Here are more clues about Season 8. “Part of the exciting thing about this season is the way Alexi and Terence have envisioned the cosmic version of why the two characters (Castle and Beckett) have come together, how did these roads combine. It delves into the mythology of Rick’s disappearance and memory loss as well as into what inspired Beckett to become a cop in the first place.”
Will Season 8 be Katic’s last on Castle? It is too early to discuss that, according to Katic. “I don’t know what is going to happen with Castle and its future as we are at the beginning of what this season is going to be.” But she was quick to point out that “as an actor, if we can tell many stories and have a creatively fulfilling experience, we love to jump and explore a character.”
Katic, who has won two People’s Choice Awards for Castle, also is looking to expand beyond acting to directing as well as “finding great projects and helping to put them together.” She calls that a natural progression for actors, especially women, noting that many actresses who have won an Oscar have done so with movies that they had helped develop and produce. “It’s about finding great pieces and stories that I can be part of” that may or may not be starring vehicles, Katic said.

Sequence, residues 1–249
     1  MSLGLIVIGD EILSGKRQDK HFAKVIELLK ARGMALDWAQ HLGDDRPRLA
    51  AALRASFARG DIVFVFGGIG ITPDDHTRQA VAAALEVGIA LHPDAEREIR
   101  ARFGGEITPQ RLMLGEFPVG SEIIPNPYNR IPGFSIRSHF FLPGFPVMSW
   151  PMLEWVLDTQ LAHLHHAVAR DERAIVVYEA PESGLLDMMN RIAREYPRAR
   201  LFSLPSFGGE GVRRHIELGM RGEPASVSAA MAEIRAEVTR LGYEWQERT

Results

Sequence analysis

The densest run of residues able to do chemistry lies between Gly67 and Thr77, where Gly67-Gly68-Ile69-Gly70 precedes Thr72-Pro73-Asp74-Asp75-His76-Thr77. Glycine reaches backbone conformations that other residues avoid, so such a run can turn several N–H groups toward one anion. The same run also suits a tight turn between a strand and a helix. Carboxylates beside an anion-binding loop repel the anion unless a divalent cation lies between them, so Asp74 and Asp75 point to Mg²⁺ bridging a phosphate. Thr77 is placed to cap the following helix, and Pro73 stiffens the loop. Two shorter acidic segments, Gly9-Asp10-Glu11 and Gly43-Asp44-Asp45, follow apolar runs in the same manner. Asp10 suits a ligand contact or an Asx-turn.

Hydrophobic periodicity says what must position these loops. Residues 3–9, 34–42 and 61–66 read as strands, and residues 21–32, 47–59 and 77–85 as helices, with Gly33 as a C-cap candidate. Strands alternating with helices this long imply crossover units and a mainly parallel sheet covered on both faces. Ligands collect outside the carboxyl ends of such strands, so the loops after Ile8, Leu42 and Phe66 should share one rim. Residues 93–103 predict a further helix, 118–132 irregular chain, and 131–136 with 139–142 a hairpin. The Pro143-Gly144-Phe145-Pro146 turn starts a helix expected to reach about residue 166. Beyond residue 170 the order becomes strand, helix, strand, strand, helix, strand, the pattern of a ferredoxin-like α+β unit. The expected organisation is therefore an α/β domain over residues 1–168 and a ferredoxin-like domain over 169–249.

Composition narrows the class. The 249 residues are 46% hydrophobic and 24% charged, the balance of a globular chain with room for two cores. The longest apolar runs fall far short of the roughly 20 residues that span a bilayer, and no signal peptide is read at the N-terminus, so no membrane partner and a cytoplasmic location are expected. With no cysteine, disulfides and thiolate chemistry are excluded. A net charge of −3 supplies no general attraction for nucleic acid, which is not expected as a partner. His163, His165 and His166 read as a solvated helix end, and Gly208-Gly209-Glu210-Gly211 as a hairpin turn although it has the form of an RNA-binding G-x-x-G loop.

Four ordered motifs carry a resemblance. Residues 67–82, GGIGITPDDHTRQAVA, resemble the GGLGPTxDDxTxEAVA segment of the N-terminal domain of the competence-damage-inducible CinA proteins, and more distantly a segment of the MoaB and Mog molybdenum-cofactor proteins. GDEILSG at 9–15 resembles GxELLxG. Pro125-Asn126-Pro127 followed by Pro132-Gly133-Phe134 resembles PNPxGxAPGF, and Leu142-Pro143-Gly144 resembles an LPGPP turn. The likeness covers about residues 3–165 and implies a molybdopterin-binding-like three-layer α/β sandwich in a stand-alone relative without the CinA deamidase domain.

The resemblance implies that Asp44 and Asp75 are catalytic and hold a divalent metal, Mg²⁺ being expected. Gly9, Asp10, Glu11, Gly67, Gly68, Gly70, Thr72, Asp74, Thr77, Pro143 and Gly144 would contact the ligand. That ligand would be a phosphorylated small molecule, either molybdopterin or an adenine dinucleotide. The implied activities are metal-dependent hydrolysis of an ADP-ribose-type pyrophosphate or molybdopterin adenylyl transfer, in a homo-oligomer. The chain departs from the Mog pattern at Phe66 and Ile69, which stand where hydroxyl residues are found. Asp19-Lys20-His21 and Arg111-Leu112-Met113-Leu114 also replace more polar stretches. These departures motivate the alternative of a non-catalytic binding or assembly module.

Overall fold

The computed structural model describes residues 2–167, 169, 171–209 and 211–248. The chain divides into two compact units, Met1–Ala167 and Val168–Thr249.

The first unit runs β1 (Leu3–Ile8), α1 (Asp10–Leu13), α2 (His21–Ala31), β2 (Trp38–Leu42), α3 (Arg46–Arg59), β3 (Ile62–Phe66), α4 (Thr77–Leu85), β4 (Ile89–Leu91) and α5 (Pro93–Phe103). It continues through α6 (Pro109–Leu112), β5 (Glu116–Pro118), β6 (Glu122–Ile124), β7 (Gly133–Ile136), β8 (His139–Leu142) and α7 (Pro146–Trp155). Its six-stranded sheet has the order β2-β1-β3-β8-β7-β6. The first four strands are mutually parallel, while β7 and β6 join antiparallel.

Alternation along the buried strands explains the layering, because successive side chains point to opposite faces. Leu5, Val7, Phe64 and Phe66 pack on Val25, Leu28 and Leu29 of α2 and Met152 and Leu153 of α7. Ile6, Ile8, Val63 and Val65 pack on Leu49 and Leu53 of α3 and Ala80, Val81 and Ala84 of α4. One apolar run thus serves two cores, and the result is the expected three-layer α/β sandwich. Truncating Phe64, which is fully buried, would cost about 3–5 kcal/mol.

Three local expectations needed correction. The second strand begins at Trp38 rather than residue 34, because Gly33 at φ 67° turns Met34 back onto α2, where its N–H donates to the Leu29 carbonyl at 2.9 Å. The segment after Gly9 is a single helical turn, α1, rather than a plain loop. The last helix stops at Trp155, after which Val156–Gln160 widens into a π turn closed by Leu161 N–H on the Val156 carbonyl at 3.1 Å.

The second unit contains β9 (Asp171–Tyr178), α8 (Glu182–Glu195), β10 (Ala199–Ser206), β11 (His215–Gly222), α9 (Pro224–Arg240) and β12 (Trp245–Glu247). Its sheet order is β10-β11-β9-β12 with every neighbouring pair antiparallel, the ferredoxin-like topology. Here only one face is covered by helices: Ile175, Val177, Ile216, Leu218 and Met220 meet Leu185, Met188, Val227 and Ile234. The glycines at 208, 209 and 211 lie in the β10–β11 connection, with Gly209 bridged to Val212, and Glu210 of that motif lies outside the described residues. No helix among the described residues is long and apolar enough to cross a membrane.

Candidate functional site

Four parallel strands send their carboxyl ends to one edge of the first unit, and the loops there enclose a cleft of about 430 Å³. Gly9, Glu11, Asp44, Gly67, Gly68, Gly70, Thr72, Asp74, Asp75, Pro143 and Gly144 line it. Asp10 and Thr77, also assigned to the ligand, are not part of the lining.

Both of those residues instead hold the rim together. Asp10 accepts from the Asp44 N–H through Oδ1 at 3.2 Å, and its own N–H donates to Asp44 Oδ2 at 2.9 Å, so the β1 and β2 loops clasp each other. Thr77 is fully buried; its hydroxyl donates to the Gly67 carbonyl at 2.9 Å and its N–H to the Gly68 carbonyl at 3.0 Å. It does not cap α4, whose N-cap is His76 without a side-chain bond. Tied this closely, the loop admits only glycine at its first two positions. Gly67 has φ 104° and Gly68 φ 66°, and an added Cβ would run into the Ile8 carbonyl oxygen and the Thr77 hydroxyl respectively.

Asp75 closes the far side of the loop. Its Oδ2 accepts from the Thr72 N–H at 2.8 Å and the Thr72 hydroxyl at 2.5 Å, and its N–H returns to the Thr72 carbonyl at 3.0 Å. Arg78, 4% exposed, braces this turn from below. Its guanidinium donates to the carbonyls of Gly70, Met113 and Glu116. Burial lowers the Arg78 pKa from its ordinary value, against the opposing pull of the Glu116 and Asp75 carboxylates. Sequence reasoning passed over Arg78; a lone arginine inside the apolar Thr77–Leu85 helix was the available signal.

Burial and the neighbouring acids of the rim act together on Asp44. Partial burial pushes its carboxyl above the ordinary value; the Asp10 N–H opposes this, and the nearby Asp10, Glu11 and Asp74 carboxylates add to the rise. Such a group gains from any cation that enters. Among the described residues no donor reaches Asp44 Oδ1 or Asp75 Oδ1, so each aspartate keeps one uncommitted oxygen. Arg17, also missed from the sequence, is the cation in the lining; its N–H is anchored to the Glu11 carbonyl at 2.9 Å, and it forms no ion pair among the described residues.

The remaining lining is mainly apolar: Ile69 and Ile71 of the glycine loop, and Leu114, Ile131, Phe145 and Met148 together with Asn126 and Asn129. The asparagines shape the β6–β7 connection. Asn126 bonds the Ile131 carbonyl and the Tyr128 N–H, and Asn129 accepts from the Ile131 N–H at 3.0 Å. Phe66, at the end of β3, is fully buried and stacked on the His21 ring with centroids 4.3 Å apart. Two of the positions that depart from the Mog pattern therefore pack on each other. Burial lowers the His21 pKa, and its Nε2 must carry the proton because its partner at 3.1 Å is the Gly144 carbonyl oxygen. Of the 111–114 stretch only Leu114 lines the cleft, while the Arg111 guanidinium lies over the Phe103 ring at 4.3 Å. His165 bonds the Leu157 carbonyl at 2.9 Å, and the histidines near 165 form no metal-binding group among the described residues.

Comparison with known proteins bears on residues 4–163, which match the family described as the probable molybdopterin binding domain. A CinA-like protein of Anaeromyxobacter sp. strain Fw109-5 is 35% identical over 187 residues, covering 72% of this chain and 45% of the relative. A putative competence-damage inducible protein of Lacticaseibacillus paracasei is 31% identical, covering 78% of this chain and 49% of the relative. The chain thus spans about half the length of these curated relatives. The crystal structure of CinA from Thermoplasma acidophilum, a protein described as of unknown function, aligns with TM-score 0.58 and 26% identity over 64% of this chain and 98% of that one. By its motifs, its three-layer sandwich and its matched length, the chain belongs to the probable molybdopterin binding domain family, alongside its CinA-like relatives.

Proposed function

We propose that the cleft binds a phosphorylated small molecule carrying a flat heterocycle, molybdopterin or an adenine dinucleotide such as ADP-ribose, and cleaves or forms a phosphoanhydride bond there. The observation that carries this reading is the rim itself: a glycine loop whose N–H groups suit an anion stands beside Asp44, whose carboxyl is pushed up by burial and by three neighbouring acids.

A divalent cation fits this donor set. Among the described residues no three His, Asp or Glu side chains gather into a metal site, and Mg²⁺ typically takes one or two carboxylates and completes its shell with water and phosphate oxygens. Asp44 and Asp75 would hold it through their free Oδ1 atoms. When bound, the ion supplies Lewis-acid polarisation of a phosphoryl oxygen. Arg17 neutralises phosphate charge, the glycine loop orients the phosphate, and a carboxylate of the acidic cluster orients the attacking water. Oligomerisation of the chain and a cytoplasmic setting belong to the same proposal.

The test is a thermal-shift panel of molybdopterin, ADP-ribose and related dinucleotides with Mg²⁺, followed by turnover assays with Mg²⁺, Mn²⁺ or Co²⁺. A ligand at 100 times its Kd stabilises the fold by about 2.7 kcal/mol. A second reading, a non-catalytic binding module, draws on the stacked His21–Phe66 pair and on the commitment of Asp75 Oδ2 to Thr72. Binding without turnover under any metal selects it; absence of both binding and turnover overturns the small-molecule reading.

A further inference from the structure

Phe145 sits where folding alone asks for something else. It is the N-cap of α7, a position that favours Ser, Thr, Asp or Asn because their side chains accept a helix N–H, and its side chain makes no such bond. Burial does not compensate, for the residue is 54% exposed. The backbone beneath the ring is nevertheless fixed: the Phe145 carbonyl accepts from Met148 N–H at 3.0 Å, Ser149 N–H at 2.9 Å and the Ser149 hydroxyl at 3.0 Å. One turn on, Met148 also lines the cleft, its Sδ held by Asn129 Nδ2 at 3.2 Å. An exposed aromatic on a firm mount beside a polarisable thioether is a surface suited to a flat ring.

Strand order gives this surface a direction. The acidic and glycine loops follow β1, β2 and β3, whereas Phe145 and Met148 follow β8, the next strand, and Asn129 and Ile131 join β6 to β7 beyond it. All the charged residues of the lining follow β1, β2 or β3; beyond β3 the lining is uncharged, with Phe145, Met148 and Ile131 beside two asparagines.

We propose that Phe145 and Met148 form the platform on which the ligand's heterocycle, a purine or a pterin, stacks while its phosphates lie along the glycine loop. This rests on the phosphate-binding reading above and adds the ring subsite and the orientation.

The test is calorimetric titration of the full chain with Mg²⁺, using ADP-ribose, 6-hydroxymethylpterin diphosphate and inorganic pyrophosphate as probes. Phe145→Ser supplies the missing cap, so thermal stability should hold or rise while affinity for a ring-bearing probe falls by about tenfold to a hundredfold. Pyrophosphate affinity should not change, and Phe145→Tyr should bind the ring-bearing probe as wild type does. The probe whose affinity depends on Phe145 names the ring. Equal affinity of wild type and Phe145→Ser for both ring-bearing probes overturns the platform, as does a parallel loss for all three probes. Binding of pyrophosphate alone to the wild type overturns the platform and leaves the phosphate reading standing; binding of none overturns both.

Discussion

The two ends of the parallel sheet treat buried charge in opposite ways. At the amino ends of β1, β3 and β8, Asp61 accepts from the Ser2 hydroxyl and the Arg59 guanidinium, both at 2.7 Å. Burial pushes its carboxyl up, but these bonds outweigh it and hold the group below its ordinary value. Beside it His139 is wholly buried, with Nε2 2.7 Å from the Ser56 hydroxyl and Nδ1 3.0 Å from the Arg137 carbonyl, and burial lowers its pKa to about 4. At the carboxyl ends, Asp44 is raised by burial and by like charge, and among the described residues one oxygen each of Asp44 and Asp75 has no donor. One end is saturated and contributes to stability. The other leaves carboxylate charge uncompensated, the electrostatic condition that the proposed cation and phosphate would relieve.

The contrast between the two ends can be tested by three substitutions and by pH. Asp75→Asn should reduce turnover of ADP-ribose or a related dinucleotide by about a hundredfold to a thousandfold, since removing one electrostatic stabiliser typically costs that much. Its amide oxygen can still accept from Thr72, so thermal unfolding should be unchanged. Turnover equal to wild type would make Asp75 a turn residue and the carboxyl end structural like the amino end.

Katic is starting work on Castle a week into production so she could wrap production on her second hiatus movie, Sister Cities with Alfred Molina and Jackie Weaver, which she just did over the weekend, and thanked ABC for graciously letting her carve time out for the film, which tells the story of four estranged sisters who reunite to mourn after their mother’s alleged suicide.
While Sister Cities was shot in LA, action adventure The Rendezvous, in which Katic plays the female lead opposite Homeland‘s Raza Jaffrey, was a completely different experience. It was filmed in Jordan and marked Katic’s first trip to the Middle East. “It was unique and amazing,” Katic said about the shoot that had to deal with traveling through the desert in 50° C heat (112° F), holding the camera for camel crossing or redoing a take interrupted by a call to prayer. Because Jordan’s economy is not as strong as America’s, the local film industry has to make do with less. “People try to make films happen with a bit more ingenuity, and there is something very charming about people’s generosity and desire to make it happen,” Katic said.
In addition to the two movies and the wedding, Katic took time this summer to work on her ATP foundation, which promotes alternative travel. She spent time meeting with people from Google, Metro as well as the White House discussing the issue that she is very passionate about. “I think this project is part of next chapter of what our planet will look like as within the next 10-20 years 70% of the planet’s population will live in cities,” she said. Katic is trying to set an example — making the commitment to travel by public transport or bike at least once a week.